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Customer Review

17 of 42 people found the following review helpful
1.0 out of 5 stars Hysterical and reactionary, 11 Aug. 2008
This review is from: Black Mass: Apocalyptic Religion and the Death of Utopia (Paperback)
Gray's latest diatribe against the west is built on the muddled head theory that because the Enlightenment aimed to improve the lot of humanity it must therefore be 'utopian', and therefore religious in nature.

The fact that the Enlightenment met considerable opposition from religion - and still does in many parts of the world - escapes Gray's notice.

For Gray, everything is black and white. If the world can't be mede perfect it cannot be improved and there's no point trying.

He's like a spoilt child ranting about being given the wrong birthday present so he doesn't want anything.

Roger Scruton does this better, and funnier.
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Showing 1-4 of 4 posts in this discussion
Initial post: 12 Oct 2008 14:34:29 BDT
Brother John says:
Read this review as if it were about the reviewer and you will learn more than if you consider it a reliable comment on the book in question. Hysterical and reactionary indeed, our man seems to give either one star or five stars to his subjects. Nothing black and white there, then.

Posted on 28 Oct 2008 19:00:16 GMT
SP Crowley says:
Gray doesn't argue that utopian ideas are religious per se, but that they belong to a philosophical lineage that has religious origins. He could be criticised for offering a critique of western political thought without positing any alternative but this book is, strictly speaking, polemical and that is the nature of the beast.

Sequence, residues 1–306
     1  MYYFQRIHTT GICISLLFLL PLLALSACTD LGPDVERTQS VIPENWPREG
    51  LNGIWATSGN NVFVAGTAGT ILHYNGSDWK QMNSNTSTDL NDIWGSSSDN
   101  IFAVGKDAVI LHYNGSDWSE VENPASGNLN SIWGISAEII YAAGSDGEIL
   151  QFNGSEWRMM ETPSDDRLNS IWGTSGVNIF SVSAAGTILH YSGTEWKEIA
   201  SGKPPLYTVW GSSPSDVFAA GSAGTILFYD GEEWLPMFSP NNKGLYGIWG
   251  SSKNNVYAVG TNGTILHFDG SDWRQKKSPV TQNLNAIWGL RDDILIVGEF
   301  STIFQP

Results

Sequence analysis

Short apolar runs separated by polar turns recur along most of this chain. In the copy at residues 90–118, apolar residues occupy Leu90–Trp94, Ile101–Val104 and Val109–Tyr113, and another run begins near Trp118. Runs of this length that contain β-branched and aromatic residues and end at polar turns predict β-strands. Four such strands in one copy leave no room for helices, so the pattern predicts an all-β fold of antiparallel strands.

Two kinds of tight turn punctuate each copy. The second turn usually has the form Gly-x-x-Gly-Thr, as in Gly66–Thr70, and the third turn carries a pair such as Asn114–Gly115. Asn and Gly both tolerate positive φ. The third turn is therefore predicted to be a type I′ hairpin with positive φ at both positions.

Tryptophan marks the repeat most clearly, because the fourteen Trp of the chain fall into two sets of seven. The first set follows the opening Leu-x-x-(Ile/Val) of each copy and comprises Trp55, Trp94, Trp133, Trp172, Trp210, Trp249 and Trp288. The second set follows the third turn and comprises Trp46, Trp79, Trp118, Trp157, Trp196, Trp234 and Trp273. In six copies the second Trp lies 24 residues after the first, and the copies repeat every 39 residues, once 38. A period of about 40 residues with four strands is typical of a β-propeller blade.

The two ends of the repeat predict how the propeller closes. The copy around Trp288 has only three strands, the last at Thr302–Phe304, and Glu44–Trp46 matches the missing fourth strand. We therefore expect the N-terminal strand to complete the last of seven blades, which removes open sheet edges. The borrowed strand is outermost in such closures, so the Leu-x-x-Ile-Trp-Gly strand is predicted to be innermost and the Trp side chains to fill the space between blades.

Posted on 22 Dec 2008 13:56:57 GMT
Agree with Brother John.

I can't abide by reviews like this that are so kneejerk and reactionary. If one explains critically why they do not like a book, then fine..but this?? How human!

Posted on 3 Mar 2012 11:20:38 GMT
Last edited by the author on 3 Mar 2012 11:21:32 GMT
A reader says:
Firstly, what SP Crowley says is correct and it's important because a lot of the other 1 star reviewers make the same mistake (on this and Gray's other books). The utopian mindset that acts as the foundation for many religions is in fact still prevalent in many Enlightenment ideologies, i.e. it came first and is the genesis of the troubles people look to blame on the superfluous. In fact you can often hear the religious and non-religious engage in point scoring arguments on this matter without realising they are looking in the mirror.

The only point I can add relates to the reviewer saying that Gray's view is, "if the world can't be made perfect it cannot be improved and there's no point trying". If that were the case then why would Gray bother writing books? This just suggests the reviewer has a limited capacity for learning and is ultimately religious in their 'thinking'.
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